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Wichita State to move students from university housing to private apartment complex, demolish Fairmount Towers

President John Bardo, who was long rumored to have intentions of demolishing Fairmount Towers, said if students were not interested in occupying the facility, the university should close it.

President John Bardo, who was long rumored to have intentions of demolishing Fairmount Towers, said if students were not interested in occupying the facility, the university should close it.

Evan Pflugradt

Evan Pflugradt

President John Bardo, who was long rumored to have intentions of demolishing Fairmount Towers, said if students were not interested in occupying the facility, the university should close it.


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About 300 students who signed up to live at Fairmount Towers are being moved to the private apartment complex originally planned to fit 280 students on Innovation Campus. Fairmount Towers, built in the 1960s, will be closing.

The Flats, a 112-unit apartment complex set to open in the fall and owned by the developers MWCB LLC, has listed its single private bedrooms as sold-out since May on its website.

It is not known how many tenants, if any, have signed leases for the fall at The Flats or whether their rates will be reduced to match the rent of students who moved from Fairmount Towers. The university did not say if the rent paid by students would go to the university or the private business that owns The Flats. No changes to Shocker Hall pricing have been announced.

According to the university release about the move, students will pay the same rates they would have paid to stay at Fairmount Towers. Fairmount Towers costs $4,380 to $5,900 for a school year. Nine months at The Flats would cost from $7,200 to $8,460 at its listed rates.

In a university statement, Eric King, associate vice president for facilities, said, “Fairmount Towers, constructed 53 years ago as a private dormitory, has reached the end of its useful life. The building will be taken out of service and eventually demolished.”

King said the site of Fairmount Towers — on the corner of 21st and Hillside — will be available for “other university uses.” He cited a 2015 student housing report paid for by the university from Brailsford & Dunlavey that concluded the dorms should be “phased out” based on operational inefficiencies, limited student demand, its location outside the core of campus, and facility condition concerns.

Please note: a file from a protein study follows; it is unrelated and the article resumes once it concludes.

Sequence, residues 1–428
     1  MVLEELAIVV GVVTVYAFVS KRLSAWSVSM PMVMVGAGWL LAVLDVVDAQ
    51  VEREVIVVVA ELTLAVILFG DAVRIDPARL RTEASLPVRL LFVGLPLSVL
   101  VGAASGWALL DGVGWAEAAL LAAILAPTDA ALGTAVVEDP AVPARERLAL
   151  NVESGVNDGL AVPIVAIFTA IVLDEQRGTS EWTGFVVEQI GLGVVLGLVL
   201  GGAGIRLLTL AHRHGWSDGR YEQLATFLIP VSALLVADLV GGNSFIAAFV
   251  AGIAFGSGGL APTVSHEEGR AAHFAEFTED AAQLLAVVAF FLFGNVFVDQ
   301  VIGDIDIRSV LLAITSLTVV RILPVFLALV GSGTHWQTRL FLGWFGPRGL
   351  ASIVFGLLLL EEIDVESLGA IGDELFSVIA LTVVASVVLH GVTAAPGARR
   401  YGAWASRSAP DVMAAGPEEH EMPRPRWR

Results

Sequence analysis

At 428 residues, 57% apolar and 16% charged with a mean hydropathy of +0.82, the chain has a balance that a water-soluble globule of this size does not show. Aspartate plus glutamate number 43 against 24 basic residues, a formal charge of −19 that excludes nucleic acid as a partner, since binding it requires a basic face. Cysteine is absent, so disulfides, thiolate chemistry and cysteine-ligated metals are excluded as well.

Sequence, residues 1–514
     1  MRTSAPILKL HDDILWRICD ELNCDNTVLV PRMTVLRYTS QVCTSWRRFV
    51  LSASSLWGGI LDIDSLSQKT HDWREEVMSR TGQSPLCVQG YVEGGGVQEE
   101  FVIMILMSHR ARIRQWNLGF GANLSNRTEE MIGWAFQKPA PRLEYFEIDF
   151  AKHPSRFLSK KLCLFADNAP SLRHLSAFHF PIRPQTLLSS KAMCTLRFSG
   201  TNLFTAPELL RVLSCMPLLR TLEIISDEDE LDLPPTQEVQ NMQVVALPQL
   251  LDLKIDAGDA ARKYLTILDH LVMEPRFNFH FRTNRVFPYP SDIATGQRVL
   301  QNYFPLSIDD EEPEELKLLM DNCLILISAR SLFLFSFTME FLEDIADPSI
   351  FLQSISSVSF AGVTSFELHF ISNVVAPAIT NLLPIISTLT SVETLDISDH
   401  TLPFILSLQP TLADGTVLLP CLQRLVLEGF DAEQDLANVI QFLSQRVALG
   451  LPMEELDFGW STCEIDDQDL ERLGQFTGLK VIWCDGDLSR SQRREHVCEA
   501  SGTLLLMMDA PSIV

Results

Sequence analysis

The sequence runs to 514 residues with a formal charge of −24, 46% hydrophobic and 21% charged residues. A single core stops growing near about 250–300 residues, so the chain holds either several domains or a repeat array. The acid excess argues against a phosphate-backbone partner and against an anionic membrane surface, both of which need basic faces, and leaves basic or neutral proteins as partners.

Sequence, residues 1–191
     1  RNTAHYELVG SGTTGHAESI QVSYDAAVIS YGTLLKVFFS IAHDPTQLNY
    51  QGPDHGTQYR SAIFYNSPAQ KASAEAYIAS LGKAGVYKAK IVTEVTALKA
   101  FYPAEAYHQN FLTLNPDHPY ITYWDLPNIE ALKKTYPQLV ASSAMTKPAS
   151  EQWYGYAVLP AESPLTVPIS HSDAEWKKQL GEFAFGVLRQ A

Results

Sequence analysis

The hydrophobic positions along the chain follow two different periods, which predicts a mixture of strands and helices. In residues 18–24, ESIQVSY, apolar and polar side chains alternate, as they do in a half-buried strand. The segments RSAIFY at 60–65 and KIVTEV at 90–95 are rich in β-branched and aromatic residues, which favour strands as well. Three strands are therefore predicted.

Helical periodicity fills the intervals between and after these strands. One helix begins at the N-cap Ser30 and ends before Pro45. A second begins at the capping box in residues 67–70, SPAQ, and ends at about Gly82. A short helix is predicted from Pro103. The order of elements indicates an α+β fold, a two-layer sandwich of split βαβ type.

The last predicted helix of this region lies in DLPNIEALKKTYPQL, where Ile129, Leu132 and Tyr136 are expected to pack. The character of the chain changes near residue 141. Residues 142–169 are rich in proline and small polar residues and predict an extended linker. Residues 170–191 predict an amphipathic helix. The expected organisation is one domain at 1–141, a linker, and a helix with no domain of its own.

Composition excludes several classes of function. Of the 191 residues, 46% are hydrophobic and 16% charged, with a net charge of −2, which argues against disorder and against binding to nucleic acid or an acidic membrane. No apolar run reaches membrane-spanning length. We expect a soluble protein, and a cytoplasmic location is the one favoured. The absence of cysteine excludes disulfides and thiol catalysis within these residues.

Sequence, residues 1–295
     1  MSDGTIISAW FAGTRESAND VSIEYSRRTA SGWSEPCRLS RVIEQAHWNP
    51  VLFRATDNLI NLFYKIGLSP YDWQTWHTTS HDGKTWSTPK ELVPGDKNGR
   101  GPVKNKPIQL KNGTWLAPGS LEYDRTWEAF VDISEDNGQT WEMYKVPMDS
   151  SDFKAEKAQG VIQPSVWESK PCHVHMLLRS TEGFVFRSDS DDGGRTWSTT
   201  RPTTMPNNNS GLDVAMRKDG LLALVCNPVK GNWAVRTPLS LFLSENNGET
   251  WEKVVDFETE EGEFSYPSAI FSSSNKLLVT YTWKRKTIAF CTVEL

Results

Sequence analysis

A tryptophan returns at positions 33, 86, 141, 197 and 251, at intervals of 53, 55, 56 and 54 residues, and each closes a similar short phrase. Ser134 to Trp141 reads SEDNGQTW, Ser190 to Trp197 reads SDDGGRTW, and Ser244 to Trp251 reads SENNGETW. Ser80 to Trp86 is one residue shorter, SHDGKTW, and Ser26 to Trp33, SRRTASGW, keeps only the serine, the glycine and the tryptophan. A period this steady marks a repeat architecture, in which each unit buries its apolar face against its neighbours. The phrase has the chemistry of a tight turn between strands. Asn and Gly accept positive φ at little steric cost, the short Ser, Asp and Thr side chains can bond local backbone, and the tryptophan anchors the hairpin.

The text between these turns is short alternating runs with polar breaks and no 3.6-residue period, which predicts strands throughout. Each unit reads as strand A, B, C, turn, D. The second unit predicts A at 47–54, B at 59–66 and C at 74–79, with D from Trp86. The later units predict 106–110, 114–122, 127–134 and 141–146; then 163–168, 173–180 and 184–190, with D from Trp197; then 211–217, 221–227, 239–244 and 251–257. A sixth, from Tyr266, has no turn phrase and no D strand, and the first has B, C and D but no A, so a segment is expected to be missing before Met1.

Provost and Senior Vice President Tony Vizzini said, in the release, that this is part of creating “a more residential, 24-hour campus.

“Replacing Wheatshocker and Brennan Halls with Shocker Hall was the first step in the plan, and it worked beautifully,” Vizzini said.

“The next step has always been to close Fairmount, but there hasn’t been a way to do that without incurring long-term debt,” Vizzini said. “The Flats gives us an opportunity to do that. It is a bonus that students will be able to move into and experience this beautiful new housing complex.”

Fairmount Towers still has five years worth of debt service before it is paid off, partially because Wheatshocker Apartments debt was transferred to it when it was demolished in 2014.

The Sunflower spoke to Scott Jensen, director of student housing and residence, about the possibility of closing Fairmount Towers last August.

“We still have five years worth of debt we’re paying off,” Jensen said at the time. “We’re not planning to close it.”

“The only other thing I can say is, if there was another purpose on campus and could pay off the remaining debt and the costs to demolish the buildings, that would be the only reason for Fairmount’s closing.

“We’re not closing this year.”

Jensen said at that time that last fall student demand to stay at Fairmount Towers had increased from the year before.

“We went up 200 students from last year,” he said on Aug. 23, 2016. “We don’t see a reason to close when the demand is that high.”


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Evan Pflugradt contributed

*Clarification: In an earlier version of this story published online, The Sunflower reported “The office of student housing and residence said its members were directed to direct members of the media to speak with Strategic Communications about the change. Strategic Communications directed The Sunflower to Teri Hall, who did not answer The Sunflower’s call. The Sunflower was told Hall would meet with reporters to answer questions at 1:15 p.m, Friday; however, when a reporter from The Sunflower showed up to Hall’s office, the door was locked.” Teri Hall was at the Flats, not her office, answering questions.